next, forcing the relearning of the same lessons. reducing corruption.
Expeditionary Economics thus encompasses the
What follows is a brief overview of some of
frequent instances in which military and civilian
the key ideas behind Expeditionary Economics,
expeditions must implicitly rebuild an economy.
Fostering economic success—the third leg in followed by a proposed research agenda. Those
the proverbial stool of diplomacy, defense, and seeking a laundry list of what steps to follow in
development—must be made a more effective any given country will not (yet) be satisfied. This
dimension of American expeditionary capacity. document is intended to open a dialogue and
invite participation. International security depends
More broadly, Expeditionary Economics on economic growth: We must create the space in
(ExpECON) can also be seen as informing larger which to develop new ideas and approaches.
ideas about national security, strategy, and the
exercise of power. In particular, economic growth
must play an essential role in these three areas. The Overview of
juxtaposition of the wars in Iraq and Afghanistan, Expeditionary Economics
the recession and financial crisis of 2008–09,
and the steadily rising influence of other nations Expeditionary Economics is an emerging field
marks the beginning of a new era facing the of study that focuses on the role of indigenous
United States. Economic growth—at home and entrepreneurship in spurring economic growth
abroad—can no longer be divorced from strategy post-conflict or post-disaster. In any transition from
and security. It is a well-accepted adage that war to peace, security, governance, and economics
military success without strategic success is not all play a key role. Our proposition is that economic
success, and sustainable peace after conflict has growth—the improvement of economic conditions
been a much more elusive goal than military victory for the average citizen—is vital to sustainable peace.
over the past two decades. Part of the premise of Instead of the current focus on macroeconomic
ExpECON is that making economic growth part variables, we suggest an approach that focuses
of the overall strategy when conducting military on economic opportunities for individuals and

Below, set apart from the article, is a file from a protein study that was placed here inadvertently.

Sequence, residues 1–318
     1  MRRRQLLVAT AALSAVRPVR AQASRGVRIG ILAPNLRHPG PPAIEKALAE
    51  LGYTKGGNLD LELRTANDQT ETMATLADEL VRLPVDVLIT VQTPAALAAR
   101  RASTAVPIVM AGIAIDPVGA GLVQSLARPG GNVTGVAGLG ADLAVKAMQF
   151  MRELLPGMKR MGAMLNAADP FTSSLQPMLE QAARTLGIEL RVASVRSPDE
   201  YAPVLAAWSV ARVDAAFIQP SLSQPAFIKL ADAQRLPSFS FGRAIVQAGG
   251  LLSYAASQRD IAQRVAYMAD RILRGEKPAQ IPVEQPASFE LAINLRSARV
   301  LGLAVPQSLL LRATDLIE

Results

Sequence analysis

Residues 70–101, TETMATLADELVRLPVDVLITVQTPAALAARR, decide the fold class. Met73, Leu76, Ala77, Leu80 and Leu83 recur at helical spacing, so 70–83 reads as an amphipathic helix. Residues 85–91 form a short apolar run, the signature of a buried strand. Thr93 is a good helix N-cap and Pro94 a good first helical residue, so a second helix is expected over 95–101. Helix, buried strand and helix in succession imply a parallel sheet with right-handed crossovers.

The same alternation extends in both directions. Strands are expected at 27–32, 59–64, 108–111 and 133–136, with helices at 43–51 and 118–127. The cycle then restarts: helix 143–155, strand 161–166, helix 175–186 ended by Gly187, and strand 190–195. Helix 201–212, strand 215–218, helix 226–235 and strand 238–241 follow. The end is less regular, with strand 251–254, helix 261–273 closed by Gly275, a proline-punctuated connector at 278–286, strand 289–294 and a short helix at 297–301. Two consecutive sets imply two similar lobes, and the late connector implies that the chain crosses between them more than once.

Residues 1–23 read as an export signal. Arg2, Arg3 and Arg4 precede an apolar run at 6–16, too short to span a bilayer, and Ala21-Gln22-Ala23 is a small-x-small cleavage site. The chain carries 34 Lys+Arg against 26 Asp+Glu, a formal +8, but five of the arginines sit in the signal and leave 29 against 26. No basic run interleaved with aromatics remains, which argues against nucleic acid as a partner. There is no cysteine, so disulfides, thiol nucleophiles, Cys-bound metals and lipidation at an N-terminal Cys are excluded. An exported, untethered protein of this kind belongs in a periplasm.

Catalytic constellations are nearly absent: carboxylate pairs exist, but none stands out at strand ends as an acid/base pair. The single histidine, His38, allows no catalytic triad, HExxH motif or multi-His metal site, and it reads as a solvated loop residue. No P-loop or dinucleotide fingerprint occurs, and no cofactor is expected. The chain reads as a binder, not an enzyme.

operations can help achieve strategic success.9 This entrepreneurs.10 This tactical approach corresponds
does not mean charity or conventional aid projects with the implicit involvement of the military in post-
or large infrastructure reconstruction. It means conflict security and stability, of which economic
helping to develop an indigenous private business growth is an extraordinarily important part.

8. See United States Army, The U.S. Army and Marine Corps Counterinsurgency Field Manual, U.S. Army Field Manual No. 3-24, Marine Corps
Warfighting Publication No. 3-33.5 (Chicago: University of Chicago Press, 2007); United States Army, The U.S. Army Stability Operations Field
Manual, U.S. Army Field Manual No. 3-07 (Ann Arbor, MI: University of Michigan Press, 2009).
9. See, e.g., Frederick Kagan, Finding the Target: The Transformation of American Military Policy (New York: Encounter Books, 2006).
10. We use both “economic development” and “economic growth” in this paper, knowing that in the academic literature there is a strict
demarcation between these terms. Our distinction might be described as follows: Economic development is, in the literature, attainment of
a certain level of gross domestic product (GDP) per capita, accompanied by “a multifaceted process of structural transformations.” It is often
associated with the modernization process. See Adam Przeworski, et al., Democracy and Development: Political Institutions and Well-Being in
the World, 1950-1990 (Cambridge, UK: Cambridge University Press, 2000). Economic growth, meanwhile, is to us a direction of change, indicating
an expansion of opportunities and living standards, as well as the evolution of economic activities. See, e.g., Benjamin M. Friedman, The Moral
Consequences of Economic Growth (New York: Vintage, 2005); Ricardo Hausmann and Bailey Klinger, “The Structure of the Product Space and the
Evolution of Comparative Advantage,” Working Paper 2008-0038, Weatherhead Center for International Affairs, Harvard University, April 2007, at
http://www.wcfia.harvard.edu/node/2625. Saudi Arabia, for example, has a relatively high level of GDP per capita, ranked 61st in the world, but very